Ancil George’s legacy reaches outside the stacks

After retiring in 2019, the long-serving Penn figure continues his work in community outreach in West Philadelphia.

From early in his tenure at Penn Libraries, George recognized that many students from underserved communities arrived on campus with “little or no research skills” and wrestled with their coursework as a result. Now a full year into his retirement, he’s still passionate about underserved students and libraries—but his focus has shifted to instilling research skills in kids before they even reach high school.

Ancil George leans on The Button sculpture in daylight in front of Van Pelt Library.
Since his retirement as community outreach librarian in 2019, Ancil George continues to volunteer at the local Lea Elementary School in West Philadelphia. (Pre-pandemic image: The Pennsylvania Gazette)

His devotion to school libraries is how George wound up as the 2020 commencement speaker for Henry C. Lea Elementary School in West Philadelphia. He’s been helping to stock, staff, and grow Lea’s library—and libraries in other Philly public schools, too—since 2014, when he was named Penn Libraries’ first community outreach librarian.

Born in 1948, George grew up an only child in Trinidad. He never met his father. His mom worked as a nurse, and though they weren’t wealthy, “we were never poor,” George says. After his mom was recruited to work in the U.S. during a nursing shortage, she invited him to visit.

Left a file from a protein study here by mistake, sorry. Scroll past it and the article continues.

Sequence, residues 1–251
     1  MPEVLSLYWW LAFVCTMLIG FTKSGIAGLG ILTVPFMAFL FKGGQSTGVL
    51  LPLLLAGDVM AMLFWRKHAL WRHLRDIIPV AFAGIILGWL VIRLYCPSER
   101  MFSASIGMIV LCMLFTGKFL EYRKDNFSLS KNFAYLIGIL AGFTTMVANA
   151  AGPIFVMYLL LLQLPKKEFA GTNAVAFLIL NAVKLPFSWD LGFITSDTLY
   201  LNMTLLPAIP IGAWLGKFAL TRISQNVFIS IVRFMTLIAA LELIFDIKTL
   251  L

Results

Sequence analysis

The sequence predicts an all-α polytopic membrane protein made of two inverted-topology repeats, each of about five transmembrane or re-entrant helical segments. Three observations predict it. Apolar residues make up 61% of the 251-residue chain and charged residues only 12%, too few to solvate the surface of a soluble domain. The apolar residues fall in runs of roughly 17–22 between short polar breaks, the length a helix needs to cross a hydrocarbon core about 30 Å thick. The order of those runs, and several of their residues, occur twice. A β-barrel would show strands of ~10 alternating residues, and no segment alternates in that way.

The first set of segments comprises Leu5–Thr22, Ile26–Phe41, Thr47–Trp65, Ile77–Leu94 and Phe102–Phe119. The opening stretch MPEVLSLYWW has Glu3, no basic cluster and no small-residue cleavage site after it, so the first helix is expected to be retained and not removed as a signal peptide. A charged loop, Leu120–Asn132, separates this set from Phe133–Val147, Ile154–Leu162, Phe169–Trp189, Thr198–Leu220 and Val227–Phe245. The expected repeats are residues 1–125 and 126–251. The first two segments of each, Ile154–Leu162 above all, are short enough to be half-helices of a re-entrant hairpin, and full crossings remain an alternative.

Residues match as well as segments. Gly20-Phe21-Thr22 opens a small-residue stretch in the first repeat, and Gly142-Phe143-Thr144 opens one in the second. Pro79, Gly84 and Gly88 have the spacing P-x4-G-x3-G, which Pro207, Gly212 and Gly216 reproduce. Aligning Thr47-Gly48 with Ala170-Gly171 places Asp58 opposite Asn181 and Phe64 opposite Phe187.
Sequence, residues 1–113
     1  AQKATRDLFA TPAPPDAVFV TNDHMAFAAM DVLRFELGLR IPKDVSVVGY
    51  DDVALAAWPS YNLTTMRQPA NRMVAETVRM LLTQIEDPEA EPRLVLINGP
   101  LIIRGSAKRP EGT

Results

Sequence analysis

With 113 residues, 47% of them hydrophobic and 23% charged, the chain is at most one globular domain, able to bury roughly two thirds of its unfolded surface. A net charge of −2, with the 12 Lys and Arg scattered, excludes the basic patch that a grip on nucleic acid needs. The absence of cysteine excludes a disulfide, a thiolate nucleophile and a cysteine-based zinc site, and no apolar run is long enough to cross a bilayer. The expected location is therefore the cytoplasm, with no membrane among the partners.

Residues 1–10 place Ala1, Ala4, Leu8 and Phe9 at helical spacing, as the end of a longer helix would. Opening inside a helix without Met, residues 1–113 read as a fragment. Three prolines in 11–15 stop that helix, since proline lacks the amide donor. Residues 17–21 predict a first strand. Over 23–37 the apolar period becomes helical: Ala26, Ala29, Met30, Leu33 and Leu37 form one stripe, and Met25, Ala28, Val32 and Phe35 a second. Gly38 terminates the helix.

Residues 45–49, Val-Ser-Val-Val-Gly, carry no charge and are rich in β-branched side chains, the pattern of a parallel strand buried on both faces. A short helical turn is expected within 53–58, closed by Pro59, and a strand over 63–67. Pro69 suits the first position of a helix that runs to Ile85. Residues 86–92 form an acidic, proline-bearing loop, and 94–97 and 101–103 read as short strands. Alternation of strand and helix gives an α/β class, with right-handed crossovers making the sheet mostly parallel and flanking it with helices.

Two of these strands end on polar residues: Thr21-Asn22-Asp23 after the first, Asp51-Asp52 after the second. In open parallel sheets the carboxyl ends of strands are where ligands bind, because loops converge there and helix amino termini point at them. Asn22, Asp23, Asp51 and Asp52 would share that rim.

George applied to Penn’s College of General Studies, and worked as stack attendant on the fifth floor of Van Pelt-Dietrich Library Center. Over the next six years, George earned a Penn degree in sociology while working full-time at the library. From there, he went on to get a master’s in Library and Information Science from Drexel.

Over the years, he advanced from stack attendant to reference librarian and, in his last five years at Penn, the community outreach post. “If reference librarian was my dream job, this was my ultimate job,” he says. Along with more than a dozen work-study students—many of them from low-income families—George began to revitalize and run the library at nearby Lea Elementary. He helped select and buy books, updated the catalog, and found volunteers to staff checkout. He even brought groups of Lea students to Van Pelt so they could learn about the reference work that university librarians do. Today the program he created has expanded to over 20 public schools around Philadelphia.

Since officially retiring from Penn in July 2019, George has continued to work closely with the Libraries’ community outreach program as a volunteer, and soon the library at Lea will be named in his honor.

This story is by Molly Petrilla. Read more at The Pennsylvania Gazette.